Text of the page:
Henoch-Schönlein Purpura (HSP)
What is Henoch-Schönlein purpura (HSP)?
Henoch-Schönlein purpura (HSP) is a form of vasculitis, a condition which involves inflammation of the blood vessels. It is one of the most common forms of vasculitis in childhood. HSP is seen most frequently in children between the ages of two and 11 years, and occurs more frequently in boys. A family connection has been noted with HSP, where the disease has happened to two or more siblings of the same family, either at the same time, or one after another.
What causes Henoch-Schönlein purpura?
As with the other forms of vasculitis, the cause of HSP is not known. HSP may be associated with an upper respiratory tract infection or possibly an allergic reaction. Most children with HSP recover completely.
What are the symptoms of Henoch-Schönlein purpura?
The following are the most common symptoms of Henoch-Schönlein purpura. However, each child may experience symptoms differently. Symptoms may include:
Purpura--hemorrhage (bleeding) into the skin, mucous membranes, internal organs, and other tissues
Arthralgia--pain in the joints
Inflammation of the joints
Gastrointestinal bleeding--bleeding in the gastrointestinal, or GI, tract, which includes the mouth, esophagus, stomach, and intestines
Nephritis--inflammation of the kidneys
Subcutaneous edema--swelling just below the skin
Encephalopathy--dysfunction of the brain
Orchitis--inflammation of the testicle(s)
The symptoms of Henoch-Schönlein purpura may resemble other conditions or medical problems. Always consult your child's physician for a diagnosis.
How is Henoch-Schönlein purpura diagnosed?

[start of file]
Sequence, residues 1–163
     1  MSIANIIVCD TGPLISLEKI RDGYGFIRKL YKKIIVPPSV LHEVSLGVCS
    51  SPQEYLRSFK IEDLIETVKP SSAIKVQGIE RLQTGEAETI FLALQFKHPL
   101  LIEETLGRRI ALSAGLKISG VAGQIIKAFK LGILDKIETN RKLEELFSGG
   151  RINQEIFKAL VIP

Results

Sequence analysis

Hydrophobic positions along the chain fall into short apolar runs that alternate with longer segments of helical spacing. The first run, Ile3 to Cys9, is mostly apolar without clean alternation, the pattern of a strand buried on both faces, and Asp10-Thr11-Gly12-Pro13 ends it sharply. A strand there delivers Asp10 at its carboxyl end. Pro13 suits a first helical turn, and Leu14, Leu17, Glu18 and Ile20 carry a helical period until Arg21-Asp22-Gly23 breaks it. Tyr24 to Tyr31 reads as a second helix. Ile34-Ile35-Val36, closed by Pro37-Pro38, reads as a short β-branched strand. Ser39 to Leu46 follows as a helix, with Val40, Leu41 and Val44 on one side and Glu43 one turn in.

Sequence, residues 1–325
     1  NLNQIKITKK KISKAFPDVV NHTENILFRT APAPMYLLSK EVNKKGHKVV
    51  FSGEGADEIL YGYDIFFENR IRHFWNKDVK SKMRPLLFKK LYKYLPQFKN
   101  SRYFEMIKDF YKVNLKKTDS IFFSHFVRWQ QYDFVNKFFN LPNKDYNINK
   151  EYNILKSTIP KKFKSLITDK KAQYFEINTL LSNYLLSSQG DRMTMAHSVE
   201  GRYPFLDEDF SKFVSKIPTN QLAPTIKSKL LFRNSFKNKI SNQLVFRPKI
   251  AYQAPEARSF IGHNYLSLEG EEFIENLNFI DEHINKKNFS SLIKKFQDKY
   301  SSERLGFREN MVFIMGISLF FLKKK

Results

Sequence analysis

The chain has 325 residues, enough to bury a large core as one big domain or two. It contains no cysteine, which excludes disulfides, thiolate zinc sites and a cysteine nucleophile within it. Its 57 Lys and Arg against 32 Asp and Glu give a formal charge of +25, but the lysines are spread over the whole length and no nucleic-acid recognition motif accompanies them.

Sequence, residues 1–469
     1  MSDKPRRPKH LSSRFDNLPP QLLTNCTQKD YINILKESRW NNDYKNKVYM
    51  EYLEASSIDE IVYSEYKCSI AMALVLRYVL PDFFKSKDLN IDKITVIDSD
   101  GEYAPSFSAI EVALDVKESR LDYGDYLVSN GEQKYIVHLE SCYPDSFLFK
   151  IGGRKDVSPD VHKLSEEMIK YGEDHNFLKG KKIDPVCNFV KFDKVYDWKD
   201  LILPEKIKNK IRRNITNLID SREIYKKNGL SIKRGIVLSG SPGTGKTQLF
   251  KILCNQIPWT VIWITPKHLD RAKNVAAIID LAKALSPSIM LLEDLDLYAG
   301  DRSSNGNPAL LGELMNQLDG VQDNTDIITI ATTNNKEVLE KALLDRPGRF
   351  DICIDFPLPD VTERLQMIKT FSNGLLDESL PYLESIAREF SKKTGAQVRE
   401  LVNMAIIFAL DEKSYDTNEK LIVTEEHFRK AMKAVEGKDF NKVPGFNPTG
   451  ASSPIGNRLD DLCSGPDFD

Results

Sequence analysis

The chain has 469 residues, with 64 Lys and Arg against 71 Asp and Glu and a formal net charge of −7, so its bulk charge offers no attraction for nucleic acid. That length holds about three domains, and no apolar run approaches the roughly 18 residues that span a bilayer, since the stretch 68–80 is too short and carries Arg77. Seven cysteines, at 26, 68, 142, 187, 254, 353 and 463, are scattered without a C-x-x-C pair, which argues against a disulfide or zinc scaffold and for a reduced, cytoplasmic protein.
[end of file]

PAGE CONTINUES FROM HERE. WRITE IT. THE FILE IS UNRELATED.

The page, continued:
Henoch-Schönlein purpura is usually diagnosed based on a typical clinical presentation. These criteria include:
Palpable purpura--hemorrhage (bleeding) into the skin or mucous membranes and other tissues
If the presentation is not typical, a biopsy of the involved area may be required. In addition, ultrasound (a diagnostic imaging technique which uses high-frequency sound waves and a computer to create images of blood vessels, tissues, and organs) may be used to examine the gastrointestinal tract for presence of the disease.
Treatment for Henoch-Schönlein purpura
Specific treatment for Henoch-Schönlein purpura will be determined by your child's physician based on:
Your child's overall health and medical history
Extent of the condition
Your child's tolerance for specific medications, procedures, and therapies
Expectation for the course of the disease
Specific organs that are affected
Your opinion or preference
Treatments for HSP may include:
Adequate hydration, or fluid intake
Careful attention to nutrition
Pain control with medications such as acetaminophen
Glucocorticoids (to control inflammation)